Mystery in the tall trees

posted on 6th of august, 2007

Dramatic images of trees are powerful symbols of growth, shelter, change and endurance. Trees as a metaphor are popular for many brands and services. Beyond commercial use, many people have a somewhat universal emotional connection to trees that goes beyond simple awe.

Where I sit at my desk overlooking Puget Sound I can see probably 10,000 or more trees. How do you capture an image of trees that designers will want and how do you separate it from the forest? What trees and what images best evoke the emotions that designers and art buyers seek when they go looking for images of trees?

The obvious images : flowering trees for ‘spring’ and fall foliage or the composite of made of four images of the same tree taken in all four seasons. Trees at both ends...

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Comments (5)

Posted by Petarneychev on August 29, 2007
Just had an email from James Balog about his latest amazing project: www.extremeicesurvey.org

Very nice photography, I must say! :) A bit slow to load from where I am, but it was worth waiting for!

Thanks for sharing it!
Posted by Ellenboughn on August 29, 2007
Just had an email from James Balog about his latest amazing project:
Posted by Photosaurus on August 14, 2007
Go and rest under an old, old tree and you will feel the centuries and the dignity. I love old tall trees and I am always upset, when people cut them.

Comments (5)

This article has been read 3971 times. 1 readers have found this article useful.

The RGB of it all

posted on 10th of august, 2007

Or is it the CYMK? (One matters online; the other in print). Do you dream in color? Did people dream in black and white before the invention of black and white film? If so, how did they know what the world looked like in black and white? When are color photos best and when do black and white images better solve the visual problem at hand? What moods and emotions do colors
elicit? Pre-PhotoShop, manipulating color was limited to the photographer’s skill in using filters or other special effects. Digital photography expanded the recording of existing colors to any colors that PhotoShop would allow. But just like the advent of desktop publishing resulted in some truly awful publishing, the use of Photoshop initially enabled some truly awful, garishly colored images....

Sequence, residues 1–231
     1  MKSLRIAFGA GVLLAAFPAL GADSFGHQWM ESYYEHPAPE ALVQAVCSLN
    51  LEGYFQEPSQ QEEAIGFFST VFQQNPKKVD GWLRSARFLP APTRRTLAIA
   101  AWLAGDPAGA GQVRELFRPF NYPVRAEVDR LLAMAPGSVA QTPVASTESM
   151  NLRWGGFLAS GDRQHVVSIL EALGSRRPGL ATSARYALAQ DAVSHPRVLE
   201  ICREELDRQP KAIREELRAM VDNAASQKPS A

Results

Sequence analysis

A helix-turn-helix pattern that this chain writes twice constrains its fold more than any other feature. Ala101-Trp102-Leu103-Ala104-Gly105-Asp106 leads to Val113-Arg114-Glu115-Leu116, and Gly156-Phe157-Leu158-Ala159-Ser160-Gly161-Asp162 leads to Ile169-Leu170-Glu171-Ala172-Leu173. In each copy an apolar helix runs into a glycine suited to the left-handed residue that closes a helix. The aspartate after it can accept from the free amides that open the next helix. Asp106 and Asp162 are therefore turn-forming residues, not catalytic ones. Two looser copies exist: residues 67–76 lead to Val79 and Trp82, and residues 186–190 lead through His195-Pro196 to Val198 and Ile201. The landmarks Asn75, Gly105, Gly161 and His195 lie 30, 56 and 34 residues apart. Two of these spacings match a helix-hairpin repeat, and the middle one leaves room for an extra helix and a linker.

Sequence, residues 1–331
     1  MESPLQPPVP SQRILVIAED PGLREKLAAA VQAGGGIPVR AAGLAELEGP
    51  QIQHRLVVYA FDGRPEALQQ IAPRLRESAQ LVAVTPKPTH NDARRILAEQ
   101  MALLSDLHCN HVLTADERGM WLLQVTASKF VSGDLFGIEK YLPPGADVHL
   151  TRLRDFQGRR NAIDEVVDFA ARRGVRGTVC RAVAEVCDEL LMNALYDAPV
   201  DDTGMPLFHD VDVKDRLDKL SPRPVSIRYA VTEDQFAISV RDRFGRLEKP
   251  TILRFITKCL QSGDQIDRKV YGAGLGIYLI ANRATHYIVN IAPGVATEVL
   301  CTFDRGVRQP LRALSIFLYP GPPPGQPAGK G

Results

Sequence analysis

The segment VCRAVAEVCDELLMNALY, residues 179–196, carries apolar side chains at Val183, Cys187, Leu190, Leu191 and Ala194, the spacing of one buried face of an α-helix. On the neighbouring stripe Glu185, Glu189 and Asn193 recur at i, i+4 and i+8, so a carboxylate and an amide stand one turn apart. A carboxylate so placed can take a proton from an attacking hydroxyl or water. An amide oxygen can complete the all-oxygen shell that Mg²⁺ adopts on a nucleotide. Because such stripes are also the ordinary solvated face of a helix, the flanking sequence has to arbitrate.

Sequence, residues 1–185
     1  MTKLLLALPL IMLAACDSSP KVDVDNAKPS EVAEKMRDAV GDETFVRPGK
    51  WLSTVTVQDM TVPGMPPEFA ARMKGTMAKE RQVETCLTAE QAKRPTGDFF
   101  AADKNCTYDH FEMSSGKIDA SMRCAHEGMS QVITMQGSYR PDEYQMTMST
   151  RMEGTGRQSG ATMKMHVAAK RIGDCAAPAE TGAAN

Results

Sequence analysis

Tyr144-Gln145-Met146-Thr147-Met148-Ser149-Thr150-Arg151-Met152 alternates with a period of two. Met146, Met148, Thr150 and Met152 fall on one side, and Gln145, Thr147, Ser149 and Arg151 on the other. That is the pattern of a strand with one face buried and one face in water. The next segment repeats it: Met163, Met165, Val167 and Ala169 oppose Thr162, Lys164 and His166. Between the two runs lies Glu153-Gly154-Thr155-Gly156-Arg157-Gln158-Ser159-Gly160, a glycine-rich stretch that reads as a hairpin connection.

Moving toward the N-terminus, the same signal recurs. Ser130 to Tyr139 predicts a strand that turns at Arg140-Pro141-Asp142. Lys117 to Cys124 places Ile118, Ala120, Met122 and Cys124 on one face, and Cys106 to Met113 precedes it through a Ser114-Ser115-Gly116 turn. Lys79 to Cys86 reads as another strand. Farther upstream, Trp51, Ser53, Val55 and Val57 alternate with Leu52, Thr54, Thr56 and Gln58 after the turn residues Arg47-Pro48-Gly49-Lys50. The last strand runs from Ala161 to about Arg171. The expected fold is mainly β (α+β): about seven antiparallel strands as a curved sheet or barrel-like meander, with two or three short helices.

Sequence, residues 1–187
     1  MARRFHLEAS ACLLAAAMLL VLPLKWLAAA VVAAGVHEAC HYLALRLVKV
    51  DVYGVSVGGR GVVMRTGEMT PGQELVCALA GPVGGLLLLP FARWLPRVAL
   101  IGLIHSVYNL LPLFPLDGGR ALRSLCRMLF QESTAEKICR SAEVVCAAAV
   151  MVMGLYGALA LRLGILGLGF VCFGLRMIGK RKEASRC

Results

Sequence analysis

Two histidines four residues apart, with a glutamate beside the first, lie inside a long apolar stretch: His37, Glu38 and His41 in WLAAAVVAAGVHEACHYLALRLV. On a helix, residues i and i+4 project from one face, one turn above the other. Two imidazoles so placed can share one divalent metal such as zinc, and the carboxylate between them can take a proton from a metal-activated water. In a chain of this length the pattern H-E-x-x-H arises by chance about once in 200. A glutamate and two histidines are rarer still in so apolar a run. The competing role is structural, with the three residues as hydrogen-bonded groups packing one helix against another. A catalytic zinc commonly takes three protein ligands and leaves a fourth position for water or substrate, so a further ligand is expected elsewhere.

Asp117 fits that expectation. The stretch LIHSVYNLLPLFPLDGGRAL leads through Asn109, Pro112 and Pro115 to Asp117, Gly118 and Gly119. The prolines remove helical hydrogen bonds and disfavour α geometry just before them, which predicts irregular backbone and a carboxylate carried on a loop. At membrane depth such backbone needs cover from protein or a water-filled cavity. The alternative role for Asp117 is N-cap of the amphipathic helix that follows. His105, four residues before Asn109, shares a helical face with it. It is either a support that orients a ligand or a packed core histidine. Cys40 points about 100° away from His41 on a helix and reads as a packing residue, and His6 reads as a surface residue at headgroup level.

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Comments (9)

Posted by Xrisca30 on August 23, 2007
Interesting! Everytime I spend time reading your posts I always learn something. Thanks for sharing your knoledge again Ellen, your articles are some of the best posts I've ever seen on the web :-)
Posted by Natie on August 22, 2007
A very interesting and useful article again! Thank you for sharing your knowledge and ideas with us!
Posted by Ellenboughn on August 15, 2007
Orchidpoet: yes nice model in the yellow suit...blue water. As an aside, she had great hair! Long dreadlocks look great when the person swings their head!

Comments (9)

This article has been read 4199 times. 3 readers have found this article useful.

The Trendspotting Trend*

posted on 16th of august, 2007

Traditional stock photo agencies are heavily vested in ‘creative research’. This is the stuff that informs expensive stock productions and drives editing guidelines. The biggest stock producers look for sociological and economic trends that will impact general image needs in the near future.

The on-salary staff that seeks out trends are called creative researchers. Their job is seeking out ‘cool’. They hire outside trend researchers or troll the internet looking for the next big thing. Along the way they keep their eyes open for the latest styles and colors in clothing and for cool props. The hope is that the images that result from this information will be sought out by very hip, highly paid art directors who will think the photos are supercool and cutting edge. Maybe they’ll buy them or...

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Comments (3)

Posted by Ellenboughn on November 06, 2007
Sorry I should have mentioned that you have to be a subscriber to read the article. The hard copy magazine is pretty available on big US newsstands but will be difficult to find elsewhere.
Posted by Ellenboughn on November 06, 2007
David Walker, PDN Editor, has just posted an article about do-it-yourself creative research and trend spotting. It quotes many of the industry experts on the subject and PDN was nice enough to include my comments in the article. Read it here.
Posted by Kenneystudios on August 16, 2007
Thanks again for the great tips! I am constantly scouring through magazines and online websites to see what images are being used for advertising, promotions, etc.